I have a huuuuge desire to go to London, but probably that would be to much money for me. I need to pay 100eu for visa, 300 euro for flight, minimum 100eu for motel or apartmant and I don’t know how much money will be the tickets…my average monthly salary is around 800eu so I cant afford to spent the whole salary for just two days in London… 🙁

            • Rob Staton says:

              I think a meet-up would be a great idea.

              • Myfanwy365 says:

                I’m definitely planning on being there, friends with some users of another forum, gonna group with a Jags fan & Eagles fan to share the season ticket.

                WHL seems like a pain in the arse to get to though, Google Maps giving me like 5 changes of train, tram, bus & walk from Oxford

                • UKAlex says:

                  Meet up is good idea. Myfanwy -you are correct, the NFL don’t realise we are hamstrung by sunday services!!!

                  • Myfanwy365 says:

                    Yeah, luckily my wife’s mum lives in Oxford, If I travelled from my home in Chester, my options for getting home would be leave at 7:30pm during Q4 or face not getting home until Monday 9am

  10. Sean-O says:

    The OC search should be interesting.

    Zorn’s name has come up. I’m a Zorn fan but just not sure he fits what RW might need. I think RW needs to be challenged, possibly motivated & even questioned sometimes. I’m not sure Zorn’s that guy.

    I think a sneaky hire would be Ben McAdoo. He might be more “Robin” than “Batman” which is fine for an OC under a strong leader like PC. He’s got a real solid resume over the last 12 years or so.

    John DiFilippo is definitely the hot name. Love what he’s down with Wentz this year.

  11. CHawk Talker Eric says:

    I was torn betwixt Harris and RJ2. Which when I think about it, says a lot about Harris, because I’m a huge RJ2 fan. He has great instincts and anticipation. Plus athlete with endurance to play hard at the end of a game. A little undersized, but looks like he could handle a lead role, even if he won’t – for no reason other than his poor pass pro.

    But now that Harris is out, I’m all in on RJ2.

    Would be a very interesting backfield with Carson & RJ2, with Prosise, Rawls backing up.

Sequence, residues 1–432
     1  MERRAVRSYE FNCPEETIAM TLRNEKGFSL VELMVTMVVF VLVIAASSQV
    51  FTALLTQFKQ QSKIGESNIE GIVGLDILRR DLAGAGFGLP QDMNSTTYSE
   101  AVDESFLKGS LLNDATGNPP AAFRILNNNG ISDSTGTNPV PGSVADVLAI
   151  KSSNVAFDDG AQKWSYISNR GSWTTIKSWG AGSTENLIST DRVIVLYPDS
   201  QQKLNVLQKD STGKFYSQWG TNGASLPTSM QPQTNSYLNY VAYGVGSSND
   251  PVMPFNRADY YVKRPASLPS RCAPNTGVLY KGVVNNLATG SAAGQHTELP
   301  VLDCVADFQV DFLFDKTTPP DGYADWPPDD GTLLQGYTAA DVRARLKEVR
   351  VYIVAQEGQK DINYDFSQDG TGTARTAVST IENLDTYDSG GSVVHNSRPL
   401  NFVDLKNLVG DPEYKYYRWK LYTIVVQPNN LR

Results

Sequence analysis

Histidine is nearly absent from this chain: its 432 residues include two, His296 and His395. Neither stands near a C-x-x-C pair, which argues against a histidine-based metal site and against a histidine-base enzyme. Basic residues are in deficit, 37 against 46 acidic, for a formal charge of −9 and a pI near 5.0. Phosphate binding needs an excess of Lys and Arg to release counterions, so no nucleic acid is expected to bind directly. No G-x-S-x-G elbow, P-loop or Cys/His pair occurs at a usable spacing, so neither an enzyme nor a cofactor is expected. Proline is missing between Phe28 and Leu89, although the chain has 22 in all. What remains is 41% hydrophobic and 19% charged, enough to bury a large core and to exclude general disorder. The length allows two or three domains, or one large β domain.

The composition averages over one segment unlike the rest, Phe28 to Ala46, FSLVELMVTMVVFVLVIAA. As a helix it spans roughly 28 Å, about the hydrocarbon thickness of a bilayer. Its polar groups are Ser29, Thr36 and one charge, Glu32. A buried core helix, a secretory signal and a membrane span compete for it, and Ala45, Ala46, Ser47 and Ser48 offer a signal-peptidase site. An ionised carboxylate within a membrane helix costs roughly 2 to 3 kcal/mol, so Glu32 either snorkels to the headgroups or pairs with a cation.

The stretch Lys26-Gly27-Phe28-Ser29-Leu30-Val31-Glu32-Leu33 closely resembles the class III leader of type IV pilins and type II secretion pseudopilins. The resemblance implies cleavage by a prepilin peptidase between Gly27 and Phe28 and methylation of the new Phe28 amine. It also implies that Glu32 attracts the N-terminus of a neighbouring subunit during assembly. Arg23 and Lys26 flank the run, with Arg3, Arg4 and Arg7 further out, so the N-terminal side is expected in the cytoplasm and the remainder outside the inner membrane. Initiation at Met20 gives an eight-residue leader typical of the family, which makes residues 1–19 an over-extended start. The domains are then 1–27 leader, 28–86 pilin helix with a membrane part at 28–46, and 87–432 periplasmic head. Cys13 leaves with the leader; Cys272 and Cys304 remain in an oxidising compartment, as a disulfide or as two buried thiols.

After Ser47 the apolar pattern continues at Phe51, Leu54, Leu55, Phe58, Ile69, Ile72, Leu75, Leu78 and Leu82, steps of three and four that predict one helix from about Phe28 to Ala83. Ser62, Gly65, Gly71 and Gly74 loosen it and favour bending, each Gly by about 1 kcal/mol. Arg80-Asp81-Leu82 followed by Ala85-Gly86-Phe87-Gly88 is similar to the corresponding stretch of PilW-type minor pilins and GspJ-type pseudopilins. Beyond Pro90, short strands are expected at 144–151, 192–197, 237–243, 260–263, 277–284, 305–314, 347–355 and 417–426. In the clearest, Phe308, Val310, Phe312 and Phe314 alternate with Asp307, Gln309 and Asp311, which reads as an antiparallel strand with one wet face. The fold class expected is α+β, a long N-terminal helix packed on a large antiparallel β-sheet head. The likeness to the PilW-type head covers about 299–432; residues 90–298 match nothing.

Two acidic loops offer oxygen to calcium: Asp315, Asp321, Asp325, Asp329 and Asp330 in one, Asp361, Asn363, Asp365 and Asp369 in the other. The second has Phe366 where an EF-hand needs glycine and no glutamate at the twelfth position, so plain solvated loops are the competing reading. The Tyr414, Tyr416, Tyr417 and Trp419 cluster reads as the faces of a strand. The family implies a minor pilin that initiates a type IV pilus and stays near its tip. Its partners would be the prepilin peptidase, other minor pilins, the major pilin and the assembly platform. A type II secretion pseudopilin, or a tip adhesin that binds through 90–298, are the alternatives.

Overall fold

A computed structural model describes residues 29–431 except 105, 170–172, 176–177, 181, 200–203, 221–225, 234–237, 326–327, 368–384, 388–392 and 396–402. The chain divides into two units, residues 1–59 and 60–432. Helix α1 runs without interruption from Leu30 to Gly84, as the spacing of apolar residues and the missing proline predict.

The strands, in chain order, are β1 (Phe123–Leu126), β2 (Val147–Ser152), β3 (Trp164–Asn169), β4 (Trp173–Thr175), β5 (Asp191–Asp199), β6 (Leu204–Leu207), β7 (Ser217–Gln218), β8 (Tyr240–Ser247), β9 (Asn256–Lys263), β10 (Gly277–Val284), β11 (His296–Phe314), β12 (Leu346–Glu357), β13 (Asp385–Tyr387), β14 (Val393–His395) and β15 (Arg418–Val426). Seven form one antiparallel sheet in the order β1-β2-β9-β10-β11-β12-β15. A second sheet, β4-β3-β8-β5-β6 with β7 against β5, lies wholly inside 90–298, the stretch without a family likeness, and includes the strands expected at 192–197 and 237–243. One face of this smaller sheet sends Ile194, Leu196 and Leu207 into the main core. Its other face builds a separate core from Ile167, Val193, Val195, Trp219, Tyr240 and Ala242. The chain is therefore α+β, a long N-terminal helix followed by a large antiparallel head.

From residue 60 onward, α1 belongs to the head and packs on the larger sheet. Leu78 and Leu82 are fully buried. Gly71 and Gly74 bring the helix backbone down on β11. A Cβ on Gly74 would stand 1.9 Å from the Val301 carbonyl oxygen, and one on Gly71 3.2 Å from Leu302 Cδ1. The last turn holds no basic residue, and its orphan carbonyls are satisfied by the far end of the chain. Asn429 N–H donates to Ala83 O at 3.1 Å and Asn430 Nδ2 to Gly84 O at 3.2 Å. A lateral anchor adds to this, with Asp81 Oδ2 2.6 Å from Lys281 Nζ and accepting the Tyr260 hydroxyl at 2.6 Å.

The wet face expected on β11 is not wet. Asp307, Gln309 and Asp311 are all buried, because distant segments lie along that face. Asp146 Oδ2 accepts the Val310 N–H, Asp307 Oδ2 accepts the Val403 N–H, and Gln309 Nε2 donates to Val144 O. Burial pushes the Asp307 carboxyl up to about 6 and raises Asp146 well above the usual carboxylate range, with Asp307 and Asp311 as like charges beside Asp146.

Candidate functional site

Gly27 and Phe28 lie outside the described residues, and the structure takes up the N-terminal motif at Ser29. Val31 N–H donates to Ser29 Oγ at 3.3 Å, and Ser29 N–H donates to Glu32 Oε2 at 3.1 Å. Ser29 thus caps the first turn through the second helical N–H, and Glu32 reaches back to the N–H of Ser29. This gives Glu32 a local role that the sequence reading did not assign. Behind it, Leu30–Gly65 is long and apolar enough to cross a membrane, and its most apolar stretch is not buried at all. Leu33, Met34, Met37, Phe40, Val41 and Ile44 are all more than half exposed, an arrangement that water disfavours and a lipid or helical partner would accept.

• LLLOGOSSS says:

      Rawls good as gone, unfortunately. Pete never calls people out in the media, but he always made sure to highlight how “disappointing” all of Rawls’ ridiculous penalties were this year. He took note of his boneheadednsss. Always liked Rawls coming off 2015, but I think he was riding the scholarship this year, and he’s worn out his welcome.

      I wonder if I different blocking scheme might make RJ2 a more realistic option for us, especially if they still believe in Carson. Plus, we still have Mike Davis who is a little bigger than both and got the most out of what was blocked for him. Let’s assume that Prosise makes the team, or not, I really think he has to battle McKissic for a spot. That would be an amazing stable… in theory.

      • CHawk Talker Eric says:

        Ugh. That should read: Jones has great instincts and anticipation…🙄

        Yes, I forgot about McKissic & Davis. I agree he’s ahead of Rawls on the depth chart. Ditto Davis. Plus they’ll sign at least one FA for training camp. Doesn’t look good for Thomas.

        While I’m here I might as well finish my thought about this RB class. I like Harris in large part because he’s a complete player. He’s an excellent blocker, either in pass pro or downfield. Could even see him in a swing RB/FB role for SEA. He’s probably the 2nd most NFL ready RB in this class.

        But I think Jones is the better runner/receiver, and probably has a higher ceiling as an offensive weapon. If they could stay healthy, Carson/RJ2 would be a monster backfield tandem.

        • Patrick Toler says:

          I think Jones is the best pure runner in this class. Not as complete as Barkley (or Harris). But he has an unreal combination of burst, balance, vision, and toughness. His size limits him as a blocker and he wasn’t used much as a receiver, but man he can tote it.

        • 80SLargent says:

          Rawls: Restricted Free Agent (RFA)
          Davis: RFA
          McKissic: Exclusive Rights Free Agent (ERFA)

          This means there’s no guarantee Seattle keeps any of those guys.
          Rawls was undrafted. In order to retain him, Seattle would have to put at least a 2nd round “tender” on him. Last season, that amount was about $2.75M. It’s fairly safe to say at this point that Rawls isn’t worth that.
          Davis was a 4th round pick, so Seattle could put an original round tender on him. Last season, that amount was about $1.8M. That’s still more than what a 2nd round rookie would cost, so I think they also move on from Davis.
          Out of those three, they have the most “control” over the ERFA McKissic, and with his versatility, he’s probably the most likely guy they keep. Carson has 3 years on his rookie deal, and Prosise has two. That being said, I bet we see a similar draft strategy with the RB position to what we saw in 2016 (3rd, 5th, 7th).

    • C-Dog says:

      Jones2 and Michel are the ones who I feel torn about presently. Kinda like Seattle matching a home run hitter with the grinder quality of Carson.

      • peter says:

        in the semifinal it felt like Michel was helping his QB out to bail him out, coming back near the line of scrimmage on broken plays. I don’t know it’s definitely tight between those two.